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I love a good marinara but I also adore pesto, alfredo, and any other sauce that has garlic and basil, and/or butter and cream so replacing tomatoes in pasta dishes for me is not so much as making a sauce that tastes like tomato but having something completely different. I have a friend that sells pesto at the local farmer's market and her biggest seller (and it is scrumptious) is roasted beet.
However, your post and all the replies have really got me thinking!  I believe making a marinara type sauce has been covered really well by many above posts and given me so many new ideas too.
I wanted to add my 2 cents regarding ketchup and using rhubarb, as Renee mentioned above. I made something a couple years back called "Victoria Sauce" from the Ball Blue Book. I was looking for a way to use up excess rhubarb that wasn't a dessert (although it is a very sweet sauce) and it's in the book just below ketchup.
I was pleasantly surprised to discover that it was an excellent ketchup replacement. Main differences are that it's brownish and much thicker but of course the thickness could be altered if preferred. The texture and look is like apple butter.
If you're interested, I can post the recipe but I did just see several online when googled. It makes an excellent BBQ sauce as well and thinned out is a fabulous marinade.
My 93 year old co-worker has told me many stories of growing up with his grandparents in the northern woods of Idaho, and has mentioned more than once that "grandma made ketchup out of plums and it was delicious".
I'm sure it is; I figure the main elements of ketchup are sugar, vinegar, onion and spices, so whatever fruit is your base, is going to give you tasty ketchup-like results.
The base in Victoria Sauce is rhubarb and raisins, but the deer eat all my seedless grapes so no raisins here (maybe someday we'll put up deer fence).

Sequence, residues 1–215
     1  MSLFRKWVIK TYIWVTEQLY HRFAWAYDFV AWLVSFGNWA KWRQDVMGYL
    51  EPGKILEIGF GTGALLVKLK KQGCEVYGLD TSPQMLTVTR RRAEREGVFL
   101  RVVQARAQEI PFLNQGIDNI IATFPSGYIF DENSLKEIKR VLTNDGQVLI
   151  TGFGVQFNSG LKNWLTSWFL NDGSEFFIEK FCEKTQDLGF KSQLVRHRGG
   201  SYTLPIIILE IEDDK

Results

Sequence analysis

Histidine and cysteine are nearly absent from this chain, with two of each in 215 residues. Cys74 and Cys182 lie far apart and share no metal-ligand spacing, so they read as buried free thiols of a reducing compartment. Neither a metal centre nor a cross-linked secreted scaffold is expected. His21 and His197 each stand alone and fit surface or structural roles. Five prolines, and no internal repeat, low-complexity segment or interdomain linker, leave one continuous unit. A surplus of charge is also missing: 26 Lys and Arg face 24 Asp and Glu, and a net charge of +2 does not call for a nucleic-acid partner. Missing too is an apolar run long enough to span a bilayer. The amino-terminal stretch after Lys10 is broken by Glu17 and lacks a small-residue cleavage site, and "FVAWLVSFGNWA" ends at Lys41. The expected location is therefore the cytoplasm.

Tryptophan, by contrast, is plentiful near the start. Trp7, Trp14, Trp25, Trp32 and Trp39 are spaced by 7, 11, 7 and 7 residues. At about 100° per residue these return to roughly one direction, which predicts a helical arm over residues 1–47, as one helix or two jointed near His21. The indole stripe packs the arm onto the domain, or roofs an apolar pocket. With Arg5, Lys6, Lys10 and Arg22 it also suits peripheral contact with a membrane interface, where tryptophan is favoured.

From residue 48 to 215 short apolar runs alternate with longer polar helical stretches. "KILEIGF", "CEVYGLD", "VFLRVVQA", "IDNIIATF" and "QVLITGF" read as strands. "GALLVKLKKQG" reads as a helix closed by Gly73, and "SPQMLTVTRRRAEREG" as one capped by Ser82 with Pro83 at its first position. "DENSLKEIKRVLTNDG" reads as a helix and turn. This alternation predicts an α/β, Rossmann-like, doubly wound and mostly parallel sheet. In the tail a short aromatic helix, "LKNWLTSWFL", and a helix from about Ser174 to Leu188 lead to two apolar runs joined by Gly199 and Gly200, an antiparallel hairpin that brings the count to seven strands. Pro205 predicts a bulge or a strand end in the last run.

Since both are plentiful around here, this year's ketchup will be made from a combination of plums and rhubarb.
 
Sally Munoz
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Oh silly me, just realized some of my bumper crop of red currants would probably add the perfect balance of color and tang.
So, rhubarb, plums and CURRANTS!
I love this forum!
 
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Alternatives to tomatoes that come to mind include (depending on your taste buds) tomatillos, ground cherries, litchi tomatoes, and parts of snake gourds. I recommend direct-seeding tomatillos and ground cherries, though. They seem to do better that way (as long as they sprout). Better yet, just get a tomatillo from another gardener and squish it where you want tomatillos next year. Till and water the soil when you want it to sprout. Tomatillos are commonly used for green salsa. I'm not sure that any of these crops will do any better in such wet conditions, but some of them might.

You can use several things as a replacement for tomatoes in ketchup (e.g. mushrooms, bananas, squash).

However, I think a better option than those might be to garden differently.

1. Get the right varieties of tomatoes. I might suggest some early ones like Nodak Early, Sub Arctic Plenty, Frosty F. House, Millet's Dakota, Cougar Red, and Gold Dust. You'll notice that Tatiana's is based out of British Columbia, Canada. She's one of the most popular names in tomatoes, and she's reviewed a lot of them; so, you might check her favorites.
2. Minimize the water. You might try laying black plastic down, which will both warm the soil and hopefully prevent most of the water from entering the soil. (Just be sure to support your tomatoes so they're not sitting in water.)
 
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Just give them some protection with a cold frame at the start and tail end of the season and some milk jugs with warm water at night or in a larger cold frame a water barrel. I grew tomatoes in Alaska they actually do best with a slightly cooler summer than the deep south where they burn from the heat and they need some shade to produce during the mid day heat and sun. There are more than a few ways that you can use to push the zone in the spring and the fall when you need to help them a bit. you just need to step a bit out of the normal way of doing some thing to adjust and improve to local conditions for the plants.